“I think there is an education part,” she said. “But the world has changed a bit so a lot of these system administrators never had the hat of doing cybersecurity work they have been doing and so we have to continue to educate them as they roll into new roles that they’re unfamiliar with and their common response as a help desk is to reimage the machine or the box so you have to educate them as they are rolling into new roles what they really need to do with these kinds of events.”
Another challenge is agencies have over the last 15 years gotten rid of the technical expertise and relied on government vendors to provide cybersecurity services.
But contractors are bound by the terms and conditions of the contract they are working under so the CISO or system administrator needs to understand and take control of the actions after the organization has discovered a breach.
“You want to ensure you have the flexibility in your contract to allow for incident response investigation, to allow the investigators to access the raw data even if it’s held at a third-party site. We saw that happen last year in some cases,” Barron-DiCamillo said. “So making sure you contractor language allows for that is something we’ve worked with entities from the General Services Administration and others over the past year to ensure those caveats are being added and modifications to existing contracts because they will follow it to the letter which sometimes can really hamper the investigation from a cyber perspective.”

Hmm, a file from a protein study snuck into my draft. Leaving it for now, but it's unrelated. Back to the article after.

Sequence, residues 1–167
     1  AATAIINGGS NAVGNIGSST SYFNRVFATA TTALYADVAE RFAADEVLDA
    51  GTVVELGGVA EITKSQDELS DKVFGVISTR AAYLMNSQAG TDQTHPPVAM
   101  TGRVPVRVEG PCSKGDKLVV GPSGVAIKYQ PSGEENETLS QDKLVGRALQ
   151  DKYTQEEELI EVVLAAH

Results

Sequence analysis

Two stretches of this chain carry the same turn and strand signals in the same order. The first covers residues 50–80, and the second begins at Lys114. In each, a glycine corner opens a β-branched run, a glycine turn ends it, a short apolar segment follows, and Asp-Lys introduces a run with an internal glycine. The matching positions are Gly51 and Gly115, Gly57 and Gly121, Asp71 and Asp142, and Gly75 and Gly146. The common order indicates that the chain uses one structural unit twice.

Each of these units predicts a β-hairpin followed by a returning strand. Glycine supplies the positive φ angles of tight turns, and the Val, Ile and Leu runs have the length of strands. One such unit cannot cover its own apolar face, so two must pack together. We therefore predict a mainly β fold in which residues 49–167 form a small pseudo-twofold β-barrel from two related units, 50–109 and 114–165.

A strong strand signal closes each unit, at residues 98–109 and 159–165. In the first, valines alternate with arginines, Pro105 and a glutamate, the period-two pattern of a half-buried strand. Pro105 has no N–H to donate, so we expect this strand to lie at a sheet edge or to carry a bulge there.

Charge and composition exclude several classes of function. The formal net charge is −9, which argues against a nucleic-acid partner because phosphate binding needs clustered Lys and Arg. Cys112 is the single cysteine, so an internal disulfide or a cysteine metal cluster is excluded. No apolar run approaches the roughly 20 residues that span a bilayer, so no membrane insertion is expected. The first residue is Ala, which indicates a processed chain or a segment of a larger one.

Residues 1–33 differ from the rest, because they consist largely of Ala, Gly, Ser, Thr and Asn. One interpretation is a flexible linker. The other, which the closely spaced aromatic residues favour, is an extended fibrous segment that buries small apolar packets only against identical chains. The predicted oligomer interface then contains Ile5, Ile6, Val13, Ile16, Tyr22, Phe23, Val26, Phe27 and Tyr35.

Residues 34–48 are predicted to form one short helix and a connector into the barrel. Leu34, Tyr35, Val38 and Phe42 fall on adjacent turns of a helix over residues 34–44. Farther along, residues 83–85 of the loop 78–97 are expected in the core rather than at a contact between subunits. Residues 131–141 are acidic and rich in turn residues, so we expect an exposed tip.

Changes to data breach regulations
In 2007, the Office of Management and Budget issued a policy and framework to expand how agencies should respond to a cyber attack.
OMB was supposed to update data breach notification standards by the end of 2014. It didn’t release a new policy, at least publicly.
Barron-DiCamillo said other regulatory bodies, specifically around contracting, over the last two years have modified regulations to ensure the data necessary for an investigation is maintained.
So what should you do if discover a hack?
Barron-DiCamillo said US-CERT’s incident response teams focus on federal networks first and foremost, particularly those which involve advanced persistent threats (APTs).
“We are trying to work with our dot-gov clients and make sure we are there when we see adversary type activity that is associated with what we call focused operations or APT,” she said. “We are focused on those because those are typically the types of investigations where you will need a mature incident response team not only to ferret out the actor but understand how deep and how wide they have gotten inside your network.”
Barron-DiCamillo said there also are a lot of third-party vendors who provide incident response services.
US-CERT also provides “red team” and “blue team” services. These experts test network defenses and give agencies recommendations for improvement.
Barron-DiCamillo said the waiting list for these services is long so US-CERT is focusing on those agencies with high-value data assets or those with large amounts of data that are commonly targeted.